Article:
Breaking Bad to Distillery Lab: Our visit to Sacred Gin’s Distillery

In Highgate, outside a row of red brick double front breasted houses, the smell of affluence circulates the air but not the smell of gin. I am on the hunt for Ian Hart’s Grandmother’s home where Sacred Spirits was birthed in her kitchen.

However, it quickly comes to my knowledge that due to the international growth of Sacred Spirits, they have expanded to two other sites. I am at neither and quickly hop in an Uber to The STAR* three miles down the road which hosts Sacred’s micro distillery.
I’m greeted by Alexander Jefferys, who whisks me through the pub and upstairs already launching into the history and progress of the distillery. The dynamic energy perspired by Alexander is certainly a reason Sacred has had the stamina to produce twenty five plus products and winning Gold in The San Francisco Spirits Competition for Sacred’s Classic Gin. I’m later told this enthusiasm has bled down from the top dogs themselves, Ian and Hillary who live and breathe Sacred.

As I walk into the bar there is a slight peppering in the air of Cardamom. Sacred’s cardamom infused gin seems to be the promising older brother in the Sacred family just after the Classic Gin. So much so, that Sacred are giving the handsome brother a new suit to wear in the form of an Indian bohemian new bottle and label. This new look certainly takes away the Cathedral esc stature of the previous bottle and grounds the gin back down to its botanical base roots. This will be available to buy June 8th. I realise the immediacy of the deadline as John, the apprentice distiller, badgers away in the corner eradicating imperfect labels. Quality control is clearly key amongst the Sacred ranks.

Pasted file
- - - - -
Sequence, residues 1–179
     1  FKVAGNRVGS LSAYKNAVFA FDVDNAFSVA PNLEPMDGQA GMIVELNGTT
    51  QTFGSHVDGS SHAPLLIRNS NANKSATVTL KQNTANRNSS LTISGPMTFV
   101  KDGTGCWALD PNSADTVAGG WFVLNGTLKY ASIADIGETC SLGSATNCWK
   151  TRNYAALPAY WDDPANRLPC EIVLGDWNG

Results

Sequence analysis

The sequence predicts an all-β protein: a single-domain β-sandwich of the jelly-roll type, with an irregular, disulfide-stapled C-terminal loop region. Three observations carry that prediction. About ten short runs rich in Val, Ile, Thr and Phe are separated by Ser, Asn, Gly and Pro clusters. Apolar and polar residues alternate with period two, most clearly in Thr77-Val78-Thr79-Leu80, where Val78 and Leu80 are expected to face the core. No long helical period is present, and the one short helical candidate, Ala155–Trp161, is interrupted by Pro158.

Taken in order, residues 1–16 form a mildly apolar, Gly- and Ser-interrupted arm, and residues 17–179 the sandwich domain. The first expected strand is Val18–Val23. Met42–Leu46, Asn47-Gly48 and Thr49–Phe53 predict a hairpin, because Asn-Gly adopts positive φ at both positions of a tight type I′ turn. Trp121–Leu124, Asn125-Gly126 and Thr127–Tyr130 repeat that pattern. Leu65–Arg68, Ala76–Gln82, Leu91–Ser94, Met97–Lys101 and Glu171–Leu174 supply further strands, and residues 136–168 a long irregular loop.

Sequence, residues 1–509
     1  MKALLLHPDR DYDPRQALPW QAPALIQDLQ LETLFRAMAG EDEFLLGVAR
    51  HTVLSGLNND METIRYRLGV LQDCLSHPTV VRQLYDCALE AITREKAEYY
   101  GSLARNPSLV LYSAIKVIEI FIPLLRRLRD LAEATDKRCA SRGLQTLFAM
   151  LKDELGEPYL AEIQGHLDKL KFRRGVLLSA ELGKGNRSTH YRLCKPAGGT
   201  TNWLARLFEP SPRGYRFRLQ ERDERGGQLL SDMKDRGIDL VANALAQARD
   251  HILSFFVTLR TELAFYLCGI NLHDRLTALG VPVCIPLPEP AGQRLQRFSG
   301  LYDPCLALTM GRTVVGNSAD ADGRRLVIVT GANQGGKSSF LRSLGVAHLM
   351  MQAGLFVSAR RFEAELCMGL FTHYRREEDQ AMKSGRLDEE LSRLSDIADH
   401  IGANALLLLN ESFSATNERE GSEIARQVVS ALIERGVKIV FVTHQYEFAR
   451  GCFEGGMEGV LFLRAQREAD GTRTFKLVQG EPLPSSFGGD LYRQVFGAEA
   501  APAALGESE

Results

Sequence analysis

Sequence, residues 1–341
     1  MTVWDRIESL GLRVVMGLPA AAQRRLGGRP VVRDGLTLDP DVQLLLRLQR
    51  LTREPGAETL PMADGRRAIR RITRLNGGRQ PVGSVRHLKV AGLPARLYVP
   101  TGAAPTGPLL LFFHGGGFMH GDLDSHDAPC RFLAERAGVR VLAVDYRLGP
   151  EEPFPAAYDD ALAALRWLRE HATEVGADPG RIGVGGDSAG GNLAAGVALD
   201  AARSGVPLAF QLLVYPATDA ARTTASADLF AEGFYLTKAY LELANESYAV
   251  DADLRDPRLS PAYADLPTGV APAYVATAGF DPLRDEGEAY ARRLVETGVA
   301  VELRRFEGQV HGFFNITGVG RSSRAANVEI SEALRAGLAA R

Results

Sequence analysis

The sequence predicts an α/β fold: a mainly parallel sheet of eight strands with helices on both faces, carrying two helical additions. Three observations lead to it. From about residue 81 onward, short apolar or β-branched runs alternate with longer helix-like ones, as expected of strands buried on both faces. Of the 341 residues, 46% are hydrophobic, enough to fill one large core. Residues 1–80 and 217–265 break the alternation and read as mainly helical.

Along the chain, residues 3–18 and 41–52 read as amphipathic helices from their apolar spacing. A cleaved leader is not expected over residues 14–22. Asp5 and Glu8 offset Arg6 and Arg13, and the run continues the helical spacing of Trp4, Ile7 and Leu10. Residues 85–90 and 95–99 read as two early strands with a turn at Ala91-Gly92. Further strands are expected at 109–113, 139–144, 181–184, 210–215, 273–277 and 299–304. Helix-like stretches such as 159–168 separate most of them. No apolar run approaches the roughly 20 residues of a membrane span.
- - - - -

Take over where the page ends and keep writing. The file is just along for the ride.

The distillery is split into two worlds. That of of the micro distillery and that of the bar; Science and fun. The complexity and fragility of the distillery glass really takes me by surprise as it hides behind a wall. John leaves quality control to agitate a dark black liquid. The confidence in which he

manipulates, condenses and distills the fluids from one chamber to the next is quite a juxtaposition to the delicate frame of the apparatus/ art that was hand blown in York and designed by Ian Hart himself.
It feels as if no one should be touching it at all and that it should be on display in The Tate (which happens to be one of Sacred’s commission’s. You can purchase Tate Sacred Gin from The Tate Shop for £32).

”Sacred is the Spirit of Innovation’’

professes Alexander before looking hesitantly at John as they begin their story of Ian Hart’s first few attempts at creating gin. With the use of such apparatus being used in sheds and kitchens in the early years, John and Alexander agreed Ian to have a likeness to Walter White with the origins of Sacred Spirits –

‘Getting as close to Breaking Bad as it gets’.

The Sacred Spirit family seems to be expanding. Having taken on Alexander two and a half years ago, branching out to Belgium and taking on two new distillers, the company has also reflected growth in it’s products. As we walk round to the fully stocked bar, Alexander is keen to show

me a few new additions. Old Tom Liquorice Sweetened Gin sits in a puuurfectly striking bottle that comes with a gold cat name tag attached to the head. No stranger to innovation, Ian and Hillary have reinvented whisky as we know it. We have butterflies decorating English Whisky Liquor and Peated English Whisky which certainly stands out on a shelf full of heavy masculine branding from their competition.
With all this choice, I had to ask Alexander what would be a his drink of choice on a warm summer’s day.
‘It would have to be a Rosehip Spritz. Which is three measures of sparkling wine, two measures of Sacred’s Rose Hip Cup, soda water, ice and a slice of orange.’
Sounds delicious.


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